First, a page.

PSA: The Person Who Gave Birth Decides Who Meets the Baby First, Not You
My friend Emilia had been talking about her in-laws nonstop for weeks, but at 8-and-a-half-months pregnant, her concerns were developing into full-blown panic. The mom from Lee’s Summit, Missouri didn’t want them at the hospital. Period. Not during the delivery and not immediately after. But they were coming, almost as certainly as the sunrise, and venting to me was her only outlet.
I was more than willing to validate her indignation. As a mother of three myself, I know firsthand just how tender those first hours of a baby's life are and how tricky it can be to keep well-meaning friends and family from intruding. But then again, so does Emilia. In fact, when she went into labor with her now 5-year-old, Emilia silently powered through contractions for hours, waiting until she knew everyone was asleep in their homes to tell her husband it was time to go to the hospital. She delivered 10 minutes after being admitted. Understandably, this time around she wanted to avoid the cloak-and-dagger, but she still didn't want the entirety of her Christmas card list coming to visit before she'd even delivered the placenta. And so far, that appeared to be the plan.
In many ways, expectant mothers are more empowered than ever. We tour hospitals and choose to stay home, we hand-select our doctors and midwives based on careful research, create birthing playlists, and hire doulas. And yet, in an age where women are able to design the conditions of their delivery right up to the line of unforeseen circumstance, so many women spend the last months of their pregnancies stressed out by their inability to control who comes to visit during the first hours of their baby's life.
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Why a Parent Needs Space After Giving Birth
Tamar Blank, Psy.D., a New York-based psychologist specializing in family relationships, understands the well-meaning impulse driving these would-be visitors. "The birth of a new child can be so exciting that others think about what this new life means for them—to be a new grandmother, grandfather, aunt, uncle, or godparent," she says. But she cautions, we must remember, "this experience is about the mother and child first and foremost and it is important that family members and friends respect the mother's privacy and need for quiet for as long as she requests."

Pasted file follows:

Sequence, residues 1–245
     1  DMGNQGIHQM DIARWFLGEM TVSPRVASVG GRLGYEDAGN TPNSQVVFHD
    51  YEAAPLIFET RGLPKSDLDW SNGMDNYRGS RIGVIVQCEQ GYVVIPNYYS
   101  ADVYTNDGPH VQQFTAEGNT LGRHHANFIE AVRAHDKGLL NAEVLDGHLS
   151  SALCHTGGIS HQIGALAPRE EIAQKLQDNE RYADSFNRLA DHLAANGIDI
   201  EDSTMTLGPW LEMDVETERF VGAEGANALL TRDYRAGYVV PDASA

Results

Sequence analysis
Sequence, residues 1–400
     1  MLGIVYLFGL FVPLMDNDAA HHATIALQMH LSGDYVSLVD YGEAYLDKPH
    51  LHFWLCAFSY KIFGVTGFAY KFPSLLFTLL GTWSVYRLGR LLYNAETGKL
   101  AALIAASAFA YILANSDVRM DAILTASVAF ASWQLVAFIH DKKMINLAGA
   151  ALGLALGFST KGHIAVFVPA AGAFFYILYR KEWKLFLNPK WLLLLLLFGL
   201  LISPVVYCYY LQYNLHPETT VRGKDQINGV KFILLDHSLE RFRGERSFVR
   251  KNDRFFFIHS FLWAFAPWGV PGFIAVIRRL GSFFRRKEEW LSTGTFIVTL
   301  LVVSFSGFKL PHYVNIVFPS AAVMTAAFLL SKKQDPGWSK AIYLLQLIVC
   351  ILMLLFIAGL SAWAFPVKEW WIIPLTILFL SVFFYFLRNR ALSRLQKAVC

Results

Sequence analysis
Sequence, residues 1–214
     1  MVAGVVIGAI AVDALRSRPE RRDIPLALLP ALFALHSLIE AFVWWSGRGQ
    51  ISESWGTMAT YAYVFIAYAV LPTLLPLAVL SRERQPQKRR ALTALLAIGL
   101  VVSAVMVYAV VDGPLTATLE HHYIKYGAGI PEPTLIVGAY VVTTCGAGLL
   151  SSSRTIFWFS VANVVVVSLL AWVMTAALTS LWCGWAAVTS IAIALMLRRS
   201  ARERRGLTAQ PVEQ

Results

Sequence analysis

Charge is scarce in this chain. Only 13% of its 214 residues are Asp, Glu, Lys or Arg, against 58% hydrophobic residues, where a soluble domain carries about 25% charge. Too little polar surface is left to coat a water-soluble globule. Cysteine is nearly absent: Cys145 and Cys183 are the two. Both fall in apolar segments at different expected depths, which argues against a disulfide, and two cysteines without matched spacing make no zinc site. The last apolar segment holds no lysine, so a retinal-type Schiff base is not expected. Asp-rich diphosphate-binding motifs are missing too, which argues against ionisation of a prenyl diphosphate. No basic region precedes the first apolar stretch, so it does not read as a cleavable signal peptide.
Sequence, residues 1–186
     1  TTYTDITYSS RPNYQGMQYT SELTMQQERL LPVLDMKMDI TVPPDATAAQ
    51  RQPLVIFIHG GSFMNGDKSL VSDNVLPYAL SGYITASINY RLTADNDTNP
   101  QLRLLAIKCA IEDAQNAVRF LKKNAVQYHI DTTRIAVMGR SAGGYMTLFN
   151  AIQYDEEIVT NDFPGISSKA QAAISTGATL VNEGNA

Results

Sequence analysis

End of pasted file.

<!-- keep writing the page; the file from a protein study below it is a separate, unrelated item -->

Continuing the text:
Mothers are going through a healing process. That encompasses two levels of physical experience: an ending and a beginning, says Heather Bartos, M.D., an OB-GYN at Be Women's Health & Wellness Center in Cross Roads, Texas. "The uterus is shutting down as the milk comes in. There is sleeplessness, vaginal stitching, incisions in the belly, and a sudden drop in pregnancy hormones, which can lead to the baby blues. At the same time, your stress hormones are triggered by the challenges of motherhood, and your body is sending out red and white blood cells to heal lacerations and fight infection," says Dr. Bartos.
A baby also needs time to adjust after the journey of delivery. "A fetus that was warm and cozy in the darkness of her mother's womb is welcomed most often by bright lights, cold temperatures, and loud noises," says Dr. Blank. In other words, the parent and baby are busy. And as nature would have it, the best solution to their physical and emotional healing is one another. "Skin-to-skin time initiates an oxytocin cascade that helps mothers and babies' bond, as well as helping with pain control and the body's healing processes," adds Dr. Bartos.
How to Support New Parents the Right Way
Many hospitals have addressed these concerns by instituting a "golden hour," an hour protected by the hospital staff for clean-up, breastfeeding, bonding, and monitoring pain levels. But so often one hour isn't enough, and when grandma is frantically texting for updates from the waiting room lounge, holding her off can feel awkward and unkind. We must empower mothers as gatekeepers, and as friends and family eager to get our hands on the new baby, we have to remember the importance of letting Mom determine the best plan for introducing their baby to the world.
Loved ones can still show support in other ways. Dr. Bartos says they usually just want something to do and typically the best solution for everyone is to give them a task. This is the route Emilia, unmoved by my persistent calls for her to tell her family to back off her birth, eventually chose. She gave everyone a role: babysitting her older kids, dropping off dinner, sending out the birth announcement, and arranging meal plans. And perhaps that's the key to showing up for one another on these life-changing occasions, making sure we always have a tray of coffee and a box of donuts in our hands.
But the hospital isn't the only place where these rules apply. How can you know when to drop the “mother and baby first approach” and resume normal visiting with loved ones after they have been discharged from the hospital? Dr. Bartos suggests that we “check with the new parents and then maybe add a little longer on that time. The new parents may feel obliged to have people come sooner than they really want. And even then, don’t be the guest that lingers.”
Also, always call first.